former, strengthened force in the field by part of Mobile garrison. Made partial concentration at Morton only in time to meet whole of above force, which had marched rapidly and crossed Pearl River at Jackson. Force concentrated; being far too small to give battle, fell back on Hillsborough. Enemy did not follow, but gave every indication of a purpose to turn to the right and move on Mobile, or at least on Mobile and Ohio Railroad, low down. Having reason to know that movements on Mobile were in progress via Pensacola and Pascagoula as well as by the day, deemed it inexpedient to risk the cutting off or detention of that part of the garrison with me, and returned it. My force all told being too small to give battle, was thus still further reduced; it now consisted of Loring, Ector, and Cockrell; rest in Mobile. Enemy's column since that was followed my retiring forces. He is to-night near Decatur; I am near Meridian. My cavalry under Lee has skirmished with him in front, flank, and rear from the Big Black, and Lee reports, with little effect. He moves very compactly. Sherman commands, with McPherson and Hurlbut. The exact force of the Mobile garrison will be given you to-morrow; it is not short of what General Maury required. I have removed all my stores over the Tombigbee. General Forrest reports column of twelve regiments (cavalry and mounted infantry) to move from Collierville on Columbus to form junction with Sherman. On 4th, Second Brigade, Twelfth Army Corps, passed down river to Vicksburg; reports the whole corps on the way from Chattanooga. Forrest will move on cavalry going to Columbus. I see nothing left me but to fall back on Alabama and take advantage of events.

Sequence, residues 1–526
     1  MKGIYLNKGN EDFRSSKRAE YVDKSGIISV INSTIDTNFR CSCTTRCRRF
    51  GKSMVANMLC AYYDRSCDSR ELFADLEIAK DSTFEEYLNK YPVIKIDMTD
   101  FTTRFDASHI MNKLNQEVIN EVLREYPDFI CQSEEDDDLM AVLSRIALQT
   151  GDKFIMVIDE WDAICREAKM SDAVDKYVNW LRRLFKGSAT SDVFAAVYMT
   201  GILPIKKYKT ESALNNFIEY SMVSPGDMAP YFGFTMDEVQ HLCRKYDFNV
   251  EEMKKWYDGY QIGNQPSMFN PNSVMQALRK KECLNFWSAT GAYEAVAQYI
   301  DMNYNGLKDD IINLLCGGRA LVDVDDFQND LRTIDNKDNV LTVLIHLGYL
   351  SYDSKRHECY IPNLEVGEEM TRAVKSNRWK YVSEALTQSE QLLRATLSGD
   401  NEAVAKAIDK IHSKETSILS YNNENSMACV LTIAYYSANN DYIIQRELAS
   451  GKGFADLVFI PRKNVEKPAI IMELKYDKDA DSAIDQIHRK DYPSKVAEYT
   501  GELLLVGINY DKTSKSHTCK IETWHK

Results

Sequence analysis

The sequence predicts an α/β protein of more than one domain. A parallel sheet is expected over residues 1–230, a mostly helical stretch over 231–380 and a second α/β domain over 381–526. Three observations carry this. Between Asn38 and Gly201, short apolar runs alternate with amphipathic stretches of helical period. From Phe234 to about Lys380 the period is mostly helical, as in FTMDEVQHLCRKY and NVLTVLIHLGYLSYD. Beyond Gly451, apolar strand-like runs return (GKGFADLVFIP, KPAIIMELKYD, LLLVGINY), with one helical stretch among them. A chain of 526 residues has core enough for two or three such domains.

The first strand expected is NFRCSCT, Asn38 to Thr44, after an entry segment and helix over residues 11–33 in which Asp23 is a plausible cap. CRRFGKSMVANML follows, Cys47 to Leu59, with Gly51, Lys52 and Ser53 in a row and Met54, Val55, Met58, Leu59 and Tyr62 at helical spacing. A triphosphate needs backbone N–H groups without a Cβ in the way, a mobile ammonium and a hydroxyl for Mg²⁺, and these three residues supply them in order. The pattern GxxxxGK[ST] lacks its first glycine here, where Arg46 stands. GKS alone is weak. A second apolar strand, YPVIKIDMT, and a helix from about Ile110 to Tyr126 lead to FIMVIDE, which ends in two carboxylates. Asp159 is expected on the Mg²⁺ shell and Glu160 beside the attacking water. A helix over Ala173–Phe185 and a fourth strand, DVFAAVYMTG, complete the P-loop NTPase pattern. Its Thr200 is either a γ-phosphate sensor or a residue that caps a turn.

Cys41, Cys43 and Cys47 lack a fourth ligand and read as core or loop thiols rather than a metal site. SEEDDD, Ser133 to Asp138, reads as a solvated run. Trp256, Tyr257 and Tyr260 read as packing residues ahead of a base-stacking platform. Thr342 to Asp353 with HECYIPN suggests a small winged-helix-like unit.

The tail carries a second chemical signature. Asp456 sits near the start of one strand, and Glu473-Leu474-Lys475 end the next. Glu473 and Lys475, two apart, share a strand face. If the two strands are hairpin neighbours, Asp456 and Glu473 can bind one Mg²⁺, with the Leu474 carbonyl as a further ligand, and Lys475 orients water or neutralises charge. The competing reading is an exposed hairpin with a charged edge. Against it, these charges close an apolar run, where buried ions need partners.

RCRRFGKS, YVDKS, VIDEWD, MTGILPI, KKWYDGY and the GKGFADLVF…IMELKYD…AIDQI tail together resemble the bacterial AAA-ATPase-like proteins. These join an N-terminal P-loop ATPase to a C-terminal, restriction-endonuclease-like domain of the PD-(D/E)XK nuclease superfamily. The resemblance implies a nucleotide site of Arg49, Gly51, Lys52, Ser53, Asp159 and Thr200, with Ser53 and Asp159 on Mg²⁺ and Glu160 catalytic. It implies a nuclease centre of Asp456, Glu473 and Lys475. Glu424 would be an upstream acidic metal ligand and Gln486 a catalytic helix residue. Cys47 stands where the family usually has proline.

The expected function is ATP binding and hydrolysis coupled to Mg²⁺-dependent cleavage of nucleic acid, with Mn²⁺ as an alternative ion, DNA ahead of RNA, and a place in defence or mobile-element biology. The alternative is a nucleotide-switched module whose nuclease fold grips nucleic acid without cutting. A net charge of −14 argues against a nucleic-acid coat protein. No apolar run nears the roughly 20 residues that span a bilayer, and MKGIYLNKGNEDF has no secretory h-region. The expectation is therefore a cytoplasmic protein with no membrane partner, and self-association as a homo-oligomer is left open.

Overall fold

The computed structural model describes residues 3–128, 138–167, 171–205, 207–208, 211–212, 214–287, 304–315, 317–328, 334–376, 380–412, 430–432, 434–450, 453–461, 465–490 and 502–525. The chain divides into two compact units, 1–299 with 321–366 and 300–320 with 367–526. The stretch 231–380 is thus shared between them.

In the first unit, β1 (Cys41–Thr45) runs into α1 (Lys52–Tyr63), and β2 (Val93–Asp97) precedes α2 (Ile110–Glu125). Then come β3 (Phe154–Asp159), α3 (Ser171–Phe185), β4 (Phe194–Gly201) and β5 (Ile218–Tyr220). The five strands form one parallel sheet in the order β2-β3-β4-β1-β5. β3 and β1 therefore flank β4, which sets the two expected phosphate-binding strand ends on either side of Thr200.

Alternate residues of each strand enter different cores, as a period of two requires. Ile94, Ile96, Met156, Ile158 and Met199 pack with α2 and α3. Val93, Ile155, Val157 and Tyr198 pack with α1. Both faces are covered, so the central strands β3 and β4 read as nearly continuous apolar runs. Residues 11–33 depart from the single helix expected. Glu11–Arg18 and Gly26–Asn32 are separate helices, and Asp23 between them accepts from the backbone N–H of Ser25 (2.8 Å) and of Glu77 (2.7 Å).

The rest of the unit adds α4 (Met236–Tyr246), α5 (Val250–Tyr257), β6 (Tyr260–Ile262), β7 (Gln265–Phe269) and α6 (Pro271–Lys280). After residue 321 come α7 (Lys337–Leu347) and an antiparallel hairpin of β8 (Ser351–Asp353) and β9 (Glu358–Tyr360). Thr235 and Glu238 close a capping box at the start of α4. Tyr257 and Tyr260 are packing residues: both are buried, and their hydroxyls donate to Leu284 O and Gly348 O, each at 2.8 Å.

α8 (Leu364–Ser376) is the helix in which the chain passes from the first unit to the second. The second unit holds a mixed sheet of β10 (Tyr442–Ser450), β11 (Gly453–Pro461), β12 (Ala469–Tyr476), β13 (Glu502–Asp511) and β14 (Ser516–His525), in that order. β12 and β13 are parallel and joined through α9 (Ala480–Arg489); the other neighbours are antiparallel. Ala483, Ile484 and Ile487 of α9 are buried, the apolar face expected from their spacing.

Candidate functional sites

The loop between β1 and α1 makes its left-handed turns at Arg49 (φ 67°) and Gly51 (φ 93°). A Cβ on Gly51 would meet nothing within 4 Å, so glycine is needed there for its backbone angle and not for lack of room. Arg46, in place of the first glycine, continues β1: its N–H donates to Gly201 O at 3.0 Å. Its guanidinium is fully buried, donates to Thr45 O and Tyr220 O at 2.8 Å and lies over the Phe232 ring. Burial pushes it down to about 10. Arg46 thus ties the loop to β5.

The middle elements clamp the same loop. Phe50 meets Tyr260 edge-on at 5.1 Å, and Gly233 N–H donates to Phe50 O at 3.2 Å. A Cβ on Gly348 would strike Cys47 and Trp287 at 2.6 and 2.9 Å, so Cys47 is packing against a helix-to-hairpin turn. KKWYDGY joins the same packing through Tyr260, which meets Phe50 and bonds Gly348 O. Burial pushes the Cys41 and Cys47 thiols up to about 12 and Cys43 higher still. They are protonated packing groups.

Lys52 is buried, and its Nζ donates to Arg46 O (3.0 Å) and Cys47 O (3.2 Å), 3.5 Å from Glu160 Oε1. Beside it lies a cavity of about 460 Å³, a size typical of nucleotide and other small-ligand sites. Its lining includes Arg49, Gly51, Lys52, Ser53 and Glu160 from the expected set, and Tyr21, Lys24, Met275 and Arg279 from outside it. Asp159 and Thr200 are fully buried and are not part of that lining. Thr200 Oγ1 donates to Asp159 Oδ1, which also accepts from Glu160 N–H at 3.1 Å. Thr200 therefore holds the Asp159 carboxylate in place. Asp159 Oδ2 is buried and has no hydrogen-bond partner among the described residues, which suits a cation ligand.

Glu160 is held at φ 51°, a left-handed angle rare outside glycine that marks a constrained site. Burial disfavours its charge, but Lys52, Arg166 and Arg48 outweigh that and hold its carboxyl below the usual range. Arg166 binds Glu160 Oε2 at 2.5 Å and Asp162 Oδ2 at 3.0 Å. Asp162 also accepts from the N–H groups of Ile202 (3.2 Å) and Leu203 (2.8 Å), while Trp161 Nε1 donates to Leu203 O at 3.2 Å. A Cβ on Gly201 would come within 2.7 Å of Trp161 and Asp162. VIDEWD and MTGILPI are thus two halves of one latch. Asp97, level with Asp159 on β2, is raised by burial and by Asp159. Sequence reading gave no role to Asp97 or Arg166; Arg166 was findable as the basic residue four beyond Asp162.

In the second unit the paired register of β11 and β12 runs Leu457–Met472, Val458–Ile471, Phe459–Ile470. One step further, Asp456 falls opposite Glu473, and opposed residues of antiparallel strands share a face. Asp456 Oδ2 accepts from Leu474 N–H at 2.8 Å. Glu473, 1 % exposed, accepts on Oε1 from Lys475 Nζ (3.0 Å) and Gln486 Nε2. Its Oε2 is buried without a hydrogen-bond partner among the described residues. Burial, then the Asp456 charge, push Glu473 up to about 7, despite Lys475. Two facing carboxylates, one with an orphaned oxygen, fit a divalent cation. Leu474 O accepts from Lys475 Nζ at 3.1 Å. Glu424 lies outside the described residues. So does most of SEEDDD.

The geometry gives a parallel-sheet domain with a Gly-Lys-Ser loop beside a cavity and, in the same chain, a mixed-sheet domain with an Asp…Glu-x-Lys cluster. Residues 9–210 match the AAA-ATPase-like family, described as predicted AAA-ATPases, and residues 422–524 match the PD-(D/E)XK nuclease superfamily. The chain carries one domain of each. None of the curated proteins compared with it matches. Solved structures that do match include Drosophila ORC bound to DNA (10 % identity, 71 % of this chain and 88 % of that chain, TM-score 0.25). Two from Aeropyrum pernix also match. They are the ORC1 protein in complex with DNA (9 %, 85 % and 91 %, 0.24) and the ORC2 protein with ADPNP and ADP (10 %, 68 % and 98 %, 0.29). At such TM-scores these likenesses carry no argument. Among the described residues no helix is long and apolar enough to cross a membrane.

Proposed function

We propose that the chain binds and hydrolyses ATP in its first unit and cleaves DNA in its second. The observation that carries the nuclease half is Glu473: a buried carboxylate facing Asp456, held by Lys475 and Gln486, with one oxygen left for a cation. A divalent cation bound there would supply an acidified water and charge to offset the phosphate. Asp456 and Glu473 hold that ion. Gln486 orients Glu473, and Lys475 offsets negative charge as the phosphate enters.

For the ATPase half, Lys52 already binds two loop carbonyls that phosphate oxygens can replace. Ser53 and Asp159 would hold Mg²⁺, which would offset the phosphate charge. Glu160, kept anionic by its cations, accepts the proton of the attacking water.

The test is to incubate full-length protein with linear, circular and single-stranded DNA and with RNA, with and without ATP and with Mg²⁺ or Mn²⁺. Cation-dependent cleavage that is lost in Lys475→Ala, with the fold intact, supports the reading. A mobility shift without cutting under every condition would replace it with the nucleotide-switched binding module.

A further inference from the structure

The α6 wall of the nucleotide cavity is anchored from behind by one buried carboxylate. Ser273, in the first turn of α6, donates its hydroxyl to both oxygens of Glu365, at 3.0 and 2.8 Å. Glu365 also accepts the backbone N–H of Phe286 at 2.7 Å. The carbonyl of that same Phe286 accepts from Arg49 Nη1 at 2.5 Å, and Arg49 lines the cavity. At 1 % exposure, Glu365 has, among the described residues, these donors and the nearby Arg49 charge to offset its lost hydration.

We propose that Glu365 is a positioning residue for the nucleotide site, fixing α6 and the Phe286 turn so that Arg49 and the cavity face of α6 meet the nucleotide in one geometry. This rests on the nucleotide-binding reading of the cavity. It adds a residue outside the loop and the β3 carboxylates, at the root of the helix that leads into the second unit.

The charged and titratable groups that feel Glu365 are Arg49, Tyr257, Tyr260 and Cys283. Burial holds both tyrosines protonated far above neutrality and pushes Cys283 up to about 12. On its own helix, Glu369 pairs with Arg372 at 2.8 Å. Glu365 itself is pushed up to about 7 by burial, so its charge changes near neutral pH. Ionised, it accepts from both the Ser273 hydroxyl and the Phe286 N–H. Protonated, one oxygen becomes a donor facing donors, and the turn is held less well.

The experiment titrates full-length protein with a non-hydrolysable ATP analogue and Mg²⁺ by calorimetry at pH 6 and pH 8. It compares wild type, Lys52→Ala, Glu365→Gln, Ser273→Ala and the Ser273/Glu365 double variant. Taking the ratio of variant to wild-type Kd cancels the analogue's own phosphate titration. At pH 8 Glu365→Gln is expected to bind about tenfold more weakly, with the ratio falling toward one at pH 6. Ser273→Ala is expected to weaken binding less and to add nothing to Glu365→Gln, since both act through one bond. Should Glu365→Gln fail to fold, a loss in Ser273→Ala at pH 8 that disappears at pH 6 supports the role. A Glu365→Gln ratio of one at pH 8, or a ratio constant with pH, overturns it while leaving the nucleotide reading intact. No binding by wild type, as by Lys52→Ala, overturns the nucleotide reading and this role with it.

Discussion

(This dispatch was repeated to President Davis.)
DALTON, February 13, 1864.
(Via Montgomery, 15th.)
Sherman's army must have a long wagon train. Cannot General Lee strike it? It seems to me that he can destroy it long before it reaches Mobile.
J. E. JOHNSTON.
SIX MILES FROM UNION,
February 13, 1864 - 7 a. m.
I find Captain Rayburn at this place. He saw the enemy's infantry yesterday at 3 p. m., 1 mile from Decatur, moving in the direction of Meridian. Scouts who left Union at 4 a. m. this day say that the enemy has no troops on that route. The road from Enterprise to union crosses the Decatur and Meridian road 8 miles east of Decatur. Captain Rayburn does not know whether the enemy has got to that cross-road yet. At this moment I hear the drums at Decatur, I send out scouts immediately.
A. C. STEEDE,
Major, Commanding Regiment.